The Defeat of the Spanish Armada

 

            In 1558, upon the death of Mary I of England, her husband, Philip II of Spain had to return to Spain and allow Mary’s half-sister Elizabeth to ascend the throne.  Philip did not like the fact that Elizabeth, a Protestant, began to undo many of the things that his late wife had put into place.  The only recourse, he felt, was the invasion of England and the forced abdication or death of the queen.  Since the battle would be not only political, but religious, Philip received support from Pope Sixtus V to embark on what he felt was a crusade.

The Spanish held the supreme power in the seas thanks to its large and powerful navy.  Despite the conquests of Sir Francis Drake of England in the New World, his exploits only seemed to have heightened the fury of Philip rather than staking a claim to the seas for England.  The fighting began in 1585 and was scattered throughout the colonies of both countries.  The Armada was to lead the way for the Spanish troops to get a foothold in the southeast of England and provide support for all Spanish missions.  The first problem arose when the assigned captain, the very seasoned Álvaro de Bazán died and had to be replaced by Medina Sidonia.  In 1588, Medina led twenty-two warships and over a hundred converted merchant ships across the English Channel to take the first steps toward invading the English mainland.

While awaiting the arrival of the Duke of Parma’s soldiers, the Spanish Armada, anchored near Gravelines at Calais, France, was sacked by Drake and his superior Lord Howard of Effingham, who sent fire ships (literally ships that are on fire) into the heart of the Spanish fleet, scattering them throughout the water.  This cut off the Armada from Parma’s army and should have been the undoing of the war effort for Spain.  The Spanish quickly regrouped an sailed around England and Ireland and headed back to Spain.  Again the English were fortunate in that the Spanish fleet met foul weather and over one-third of the Armada never made it home.  The defeat of the oft-feared Spanish Armada should have been a rallying point for English, but, most likely due to the undisciplined nature of Sir Francis Drake, the Spanish were not pressed into submission and emerged after a short time to retake many of their lands in the New World, defeat Drake, establish an infantry on the British mainland and force the undeclared war to continue until 1604.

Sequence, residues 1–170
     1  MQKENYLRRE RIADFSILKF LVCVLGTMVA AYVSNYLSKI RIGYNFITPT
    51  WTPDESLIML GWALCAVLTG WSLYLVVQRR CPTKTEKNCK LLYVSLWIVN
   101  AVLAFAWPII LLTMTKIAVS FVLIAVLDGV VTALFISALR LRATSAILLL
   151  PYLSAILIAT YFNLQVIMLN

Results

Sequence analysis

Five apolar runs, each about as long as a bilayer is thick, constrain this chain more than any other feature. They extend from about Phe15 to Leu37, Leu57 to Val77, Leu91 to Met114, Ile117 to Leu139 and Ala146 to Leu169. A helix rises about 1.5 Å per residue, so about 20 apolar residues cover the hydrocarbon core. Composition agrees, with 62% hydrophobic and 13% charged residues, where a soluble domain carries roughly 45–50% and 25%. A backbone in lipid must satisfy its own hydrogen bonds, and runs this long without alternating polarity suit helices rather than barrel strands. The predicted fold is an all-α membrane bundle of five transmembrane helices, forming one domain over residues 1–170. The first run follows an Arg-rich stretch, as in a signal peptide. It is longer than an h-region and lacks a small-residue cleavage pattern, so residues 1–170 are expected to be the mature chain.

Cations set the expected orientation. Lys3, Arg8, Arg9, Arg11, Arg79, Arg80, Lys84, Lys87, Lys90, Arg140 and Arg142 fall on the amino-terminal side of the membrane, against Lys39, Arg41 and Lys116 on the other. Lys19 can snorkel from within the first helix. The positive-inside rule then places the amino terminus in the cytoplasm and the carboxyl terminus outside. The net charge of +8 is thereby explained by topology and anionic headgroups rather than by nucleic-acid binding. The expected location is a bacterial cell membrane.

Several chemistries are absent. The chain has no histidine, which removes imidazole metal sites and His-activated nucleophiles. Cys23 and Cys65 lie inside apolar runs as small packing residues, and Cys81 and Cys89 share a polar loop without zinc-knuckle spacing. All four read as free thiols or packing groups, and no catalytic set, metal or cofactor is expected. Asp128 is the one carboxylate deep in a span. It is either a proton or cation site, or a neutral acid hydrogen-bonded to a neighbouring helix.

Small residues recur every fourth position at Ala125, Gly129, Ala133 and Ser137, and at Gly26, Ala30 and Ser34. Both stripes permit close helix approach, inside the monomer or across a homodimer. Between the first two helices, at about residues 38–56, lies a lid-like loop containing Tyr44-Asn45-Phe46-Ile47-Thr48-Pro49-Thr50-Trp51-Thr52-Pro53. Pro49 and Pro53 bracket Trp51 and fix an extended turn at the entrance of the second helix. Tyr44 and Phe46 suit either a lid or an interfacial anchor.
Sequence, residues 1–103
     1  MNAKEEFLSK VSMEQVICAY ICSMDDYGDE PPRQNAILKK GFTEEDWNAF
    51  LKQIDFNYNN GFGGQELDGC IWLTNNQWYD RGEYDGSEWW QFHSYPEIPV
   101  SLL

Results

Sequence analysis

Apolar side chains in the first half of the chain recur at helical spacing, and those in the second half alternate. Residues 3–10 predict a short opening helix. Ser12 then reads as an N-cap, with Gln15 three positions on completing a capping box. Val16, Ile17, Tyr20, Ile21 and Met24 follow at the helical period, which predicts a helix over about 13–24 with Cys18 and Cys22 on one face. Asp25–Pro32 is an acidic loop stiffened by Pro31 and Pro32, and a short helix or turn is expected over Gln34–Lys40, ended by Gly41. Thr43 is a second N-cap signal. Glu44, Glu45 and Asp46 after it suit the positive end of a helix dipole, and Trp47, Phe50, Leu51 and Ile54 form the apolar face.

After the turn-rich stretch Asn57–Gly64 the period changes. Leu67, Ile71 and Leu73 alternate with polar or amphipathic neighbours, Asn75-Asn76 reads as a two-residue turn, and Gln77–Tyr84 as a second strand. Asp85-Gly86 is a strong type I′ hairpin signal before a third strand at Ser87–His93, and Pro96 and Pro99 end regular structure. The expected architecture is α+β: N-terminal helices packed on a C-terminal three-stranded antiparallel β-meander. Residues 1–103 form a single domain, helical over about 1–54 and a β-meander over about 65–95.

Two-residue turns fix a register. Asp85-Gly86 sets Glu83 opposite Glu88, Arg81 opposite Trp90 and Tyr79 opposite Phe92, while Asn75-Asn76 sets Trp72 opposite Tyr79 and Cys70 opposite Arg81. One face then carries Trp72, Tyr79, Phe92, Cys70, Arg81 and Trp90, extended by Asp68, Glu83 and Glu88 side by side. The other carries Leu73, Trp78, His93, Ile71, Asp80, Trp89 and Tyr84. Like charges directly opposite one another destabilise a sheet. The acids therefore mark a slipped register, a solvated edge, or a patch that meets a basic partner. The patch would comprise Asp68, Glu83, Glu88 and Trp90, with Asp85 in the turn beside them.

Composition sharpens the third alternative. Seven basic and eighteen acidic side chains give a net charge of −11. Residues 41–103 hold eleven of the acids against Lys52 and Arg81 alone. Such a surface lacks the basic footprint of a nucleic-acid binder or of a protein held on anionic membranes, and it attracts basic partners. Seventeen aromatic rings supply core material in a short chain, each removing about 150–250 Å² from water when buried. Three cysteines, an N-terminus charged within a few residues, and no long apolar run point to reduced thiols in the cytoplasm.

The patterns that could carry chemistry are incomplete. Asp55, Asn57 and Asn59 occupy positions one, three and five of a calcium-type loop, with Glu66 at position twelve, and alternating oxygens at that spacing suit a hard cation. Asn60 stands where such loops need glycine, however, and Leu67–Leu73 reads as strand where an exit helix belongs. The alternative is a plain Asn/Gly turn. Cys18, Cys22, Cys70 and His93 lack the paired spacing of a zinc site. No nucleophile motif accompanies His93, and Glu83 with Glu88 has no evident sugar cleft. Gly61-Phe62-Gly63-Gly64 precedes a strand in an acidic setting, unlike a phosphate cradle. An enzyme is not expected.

Fortunately for the English, the rough English Channel and the ambitions of the French to defeat Spain helped the English to fight to a stalemate with Spain.  When the fighting finally stopped the English found themselves fortunate to not be overthrown as they were in such debt that they could not pay their sailors, many of whom died from diseases from extended fighting without leaving their ships, nor their soldiers.  James I (VI of Scotland) was left to pick up the pieces of the messy war that ended shortly after Elizabeth’s death.  Despite the defeat of the Spanish Armada amounting to relatively nothing, and the English only being able to force a stalemate with Spain in the end, the protection of their homeland did provide significant morale boost for the English for years to come.  Ultimately, despite most conventional thought of the British defeat of the Spanish Armada, it was the Dutch in the mid-1600s that ended the Spanish supremacy of the seas.

 

Defeat of the Spanish Armada, 8 August 1588 was painted by Philippe-Jacques de Loutherbourg of France (later England) in 1796 and depicts the battle of between the English and Spanish Armadas at Gravelines, France after the English had forced the Spanish to leave Calais, where they awaited the soldiers that would invade the English Mainland, by sending burning ships into their ranks as they sat anchored in the water.